One of the benefits of being a generalist, a doc who tries to do a bit of everything is that from time to time I find that a trick, concept or idea from one area of practice jumps and screams to be used in another area of practice.
So I thought I might throw out a few examples of generalist cross-pollination – ideas that are not new, but work well in another area where they make life a little easier. If you know of any examples of clinical cross-pollination then let me know, I am keen to hear your pearls.
Todays concept is a simple one. I am going to look at ketofol from the perspective of a Paeds Anaesthetist. If you have read any of the popular EM blogs in the last few years you will know that Ketofolf ( ketamine + propofol ) is pretty sexy. I have used it lots and like the combo – smooth sedation on average.
However there are papers out there that suggest propofol of ketamine alone are just as good. A lot of ED docs shy away from ketamine as it is reported to cause laryngeal spasm, vomiting, hallucinations etc. Propofol is often seen as an Anaesthesia only drug, though getting more popular in ED. So, how would a Paeds Anaesthetist think about it?
Well, I do a bit of kids gas and a lot of ED sedations. And I have noticed that my thinking has changed as I have started splitting may ketamine and propofol into 2 syringes and using it the way I might in an OR. Let us deconstruct ketofol, break it down as a gas guy might do.
Wander into any kids operating theatre and the Anaesthetic doc will have the “emergency drugs” drawn up on the trolley. Ask them what the commonest problem that they see- the child is too light, hyperreflexic and prone to all the complications listed above. Then ask them what they reach for if the kid starts creaking, reacting to stimuli and becoming difficult to bag….. the trusty bonus of propofol, guaranteed.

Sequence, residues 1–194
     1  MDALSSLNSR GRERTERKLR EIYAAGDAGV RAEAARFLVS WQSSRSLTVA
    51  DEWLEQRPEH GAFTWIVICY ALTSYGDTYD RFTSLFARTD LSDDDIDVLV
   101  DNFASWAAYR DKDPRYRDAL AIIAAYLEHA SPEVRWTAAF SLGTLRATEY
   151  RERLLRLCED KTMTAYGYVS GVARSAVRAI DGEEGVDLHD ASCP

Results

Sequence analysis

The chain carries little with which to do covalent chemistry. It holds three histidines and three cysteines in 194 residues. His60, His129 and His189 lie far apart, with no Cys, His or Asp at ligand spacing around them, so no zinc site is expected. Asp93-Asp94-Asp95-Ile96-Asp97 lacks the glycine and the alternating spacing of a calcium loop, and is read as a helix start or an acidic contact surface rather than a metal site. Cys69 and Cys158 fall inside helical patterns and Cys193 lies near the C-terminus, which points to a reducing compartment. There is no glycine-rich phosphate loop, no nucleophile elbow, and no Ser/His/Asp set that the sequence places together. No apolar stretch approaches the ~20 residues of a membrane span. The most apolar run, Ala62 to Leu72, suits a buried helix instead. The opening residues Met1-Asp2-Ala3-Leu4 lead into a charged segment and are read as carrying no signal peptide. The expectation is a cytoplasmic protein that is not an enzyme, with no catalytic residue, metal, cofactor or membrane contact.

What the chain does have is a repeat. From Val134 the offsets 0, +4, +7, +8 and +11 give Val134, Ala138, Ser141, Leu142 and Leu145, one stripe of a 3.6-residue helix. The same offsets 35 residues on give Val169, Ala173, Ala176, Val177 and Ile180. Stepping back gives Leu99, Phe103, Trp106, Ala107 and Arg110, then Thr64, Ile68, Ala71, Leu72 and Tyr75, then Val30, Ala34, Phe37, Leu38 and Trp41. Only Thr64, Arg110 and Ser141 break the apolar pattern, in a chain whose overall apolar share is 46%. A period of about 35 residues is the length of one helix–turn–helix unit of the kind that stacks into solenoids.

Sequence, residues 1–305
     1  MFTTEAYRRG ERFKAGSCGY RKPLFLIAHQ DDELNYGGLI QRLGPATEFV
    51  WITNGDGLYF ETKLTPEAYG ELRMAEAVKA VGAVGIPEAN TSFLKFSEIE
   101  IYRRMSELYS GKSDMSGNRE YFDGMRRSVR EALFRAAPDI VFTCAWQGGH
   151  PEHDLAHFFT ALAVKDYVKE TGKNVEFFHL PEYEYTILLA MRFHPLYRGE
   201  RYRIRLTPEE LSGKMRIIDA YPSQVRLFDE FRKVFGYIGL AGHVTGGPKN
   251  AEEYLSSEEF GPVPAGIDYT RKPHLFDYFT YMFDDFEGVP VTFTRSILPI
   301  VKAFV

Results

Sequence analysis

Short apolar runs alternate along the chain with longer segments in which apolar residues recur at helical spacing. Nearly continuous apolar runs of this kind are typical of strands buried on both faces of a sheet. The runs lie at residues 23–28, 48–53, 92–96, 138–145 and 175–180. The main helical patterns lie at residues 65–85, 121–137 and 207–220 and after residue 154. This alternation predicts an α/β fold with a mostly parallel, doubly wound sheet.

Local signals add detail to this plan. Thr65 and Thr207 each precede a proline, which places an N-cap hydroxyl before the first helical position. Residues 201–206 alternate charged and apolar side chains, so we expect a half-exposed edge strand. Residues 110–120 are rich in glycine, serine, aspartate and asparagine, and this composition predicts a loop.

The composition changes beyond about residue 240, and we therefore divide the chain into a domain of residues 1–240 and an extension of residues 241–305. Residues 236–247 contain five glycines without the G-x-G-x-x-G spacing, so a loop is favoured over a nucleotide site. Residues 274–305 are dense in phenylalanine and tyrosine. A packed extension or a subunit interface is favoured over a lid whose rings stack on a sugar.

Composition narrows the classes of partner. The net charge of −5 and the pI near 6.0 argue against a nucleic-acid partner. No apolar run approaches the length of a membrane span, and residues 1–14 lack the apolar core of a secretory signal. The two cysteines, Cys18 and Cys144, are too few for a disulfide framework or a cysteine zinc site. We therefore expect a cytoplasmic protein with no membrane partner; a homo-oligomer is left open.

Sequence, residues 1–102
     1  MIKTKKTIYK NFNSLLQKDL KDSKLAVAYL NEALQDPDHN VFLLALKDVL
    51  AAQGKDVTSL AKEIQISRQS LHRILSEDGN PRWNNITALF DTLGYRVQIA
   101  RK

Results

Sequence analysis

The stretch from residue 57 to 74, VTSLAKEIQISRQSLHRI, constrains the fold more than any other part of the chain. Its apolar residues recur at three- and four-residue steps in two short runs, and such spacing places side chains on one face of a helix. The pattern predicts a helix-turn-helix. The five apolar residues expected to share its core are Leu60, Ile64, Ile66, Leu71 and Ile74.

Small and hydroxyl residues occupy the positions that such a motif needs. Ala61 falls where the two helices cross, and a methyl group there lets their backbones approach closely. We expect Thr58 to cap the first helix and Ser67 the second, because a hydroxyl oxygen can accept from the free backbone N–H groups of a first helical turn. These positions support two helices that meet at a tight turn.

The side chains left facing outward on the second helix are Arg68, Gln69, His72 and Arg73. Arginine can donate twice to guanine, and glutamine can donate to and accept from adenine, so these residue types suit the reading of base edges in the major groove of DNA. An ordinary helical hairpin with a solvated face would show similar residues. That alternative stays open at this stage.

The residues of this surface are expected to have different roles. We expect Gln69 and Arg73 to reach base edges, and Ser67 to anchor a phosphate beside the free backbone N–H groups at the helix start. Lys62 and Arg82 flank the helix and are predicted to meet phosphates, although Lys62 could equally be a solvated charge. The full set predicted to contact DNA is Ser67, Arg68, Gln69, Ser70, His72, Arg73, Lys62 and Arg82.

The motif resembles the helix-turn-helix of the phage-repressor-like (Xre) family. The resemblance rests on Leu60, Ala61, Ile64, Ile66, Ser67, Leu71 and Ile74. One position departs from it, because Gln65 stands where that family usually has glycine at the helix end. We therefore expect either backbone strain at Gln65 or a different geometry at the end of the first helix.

Ok, now back to the ED where thou are planning to reduce a fracture, drain an abscess, sew up a laceration etc on a grumpy kid. What to use? ketofol? Nasal ketamine, brutacaine or something really expensive like Precedex? Let’s say thou have been FOAMed and like the sound of ketofol. Here is how I would use it if I were channelling my part-time inner, Paeds Anaesthetist.
- IV access,
- monitoring, including waveform capnography
- Oxygen, only if you have CO2 monitor
- Draw up ketamine and propofol in separate syringes
- ensure the “surgeon” is all set up and ready at the bedside, scalpel etc poised
- Give a sedative dose of K eg. 1 mg/ kg IV
- wait for the kid to nod off, but be aware – they are too light to inflict pain upon – in Anaesthesia they call this “stage 2″ – this is a bad time to do anything painful
- Now, ask the surgeon to wait. Not yet…. 30 seconds more than you think
- inject some propofol ( 0.5 – 1 mg/kg) – just enough to cover the painful bit- the cut, the pull, the squeeze
- As the HR and RR drop give your team mate the nod – GO, inflict the pain. And watch the kid for any flinch, gasp, apnoea etc.
- If they react say: “Wait”, and inject a little more propofol, wait 30 secs and try again.
- Once the painful part is over, you can put the propofol down and use the ketamine tail to do the dressing, plaster, sew up post infiltration with local etc
- now make the room quiet, turn the lights down and get mum in to stay and reassure the kid as they rouse.
Ok, that is my recipe for smooth sedation using the combination of ketamine and propofol. The K is the sedative, but it is too little in small doses for a smooth ride. The propofol is your iron to smooth out the bumpy bits. Used together in a premeditated, team-work and coordinated way they work well, and you end up using less drug in total. The kids wake up sooner, you use less nurse hours and we all go home happy!
Let me know if this helps. I want to hear your cross-pollination ideas.
Coming up soon will be me trying to marry Obstetric partogram action lines with Airway decision-making. It is a long bow, but might work for you as it does for me!
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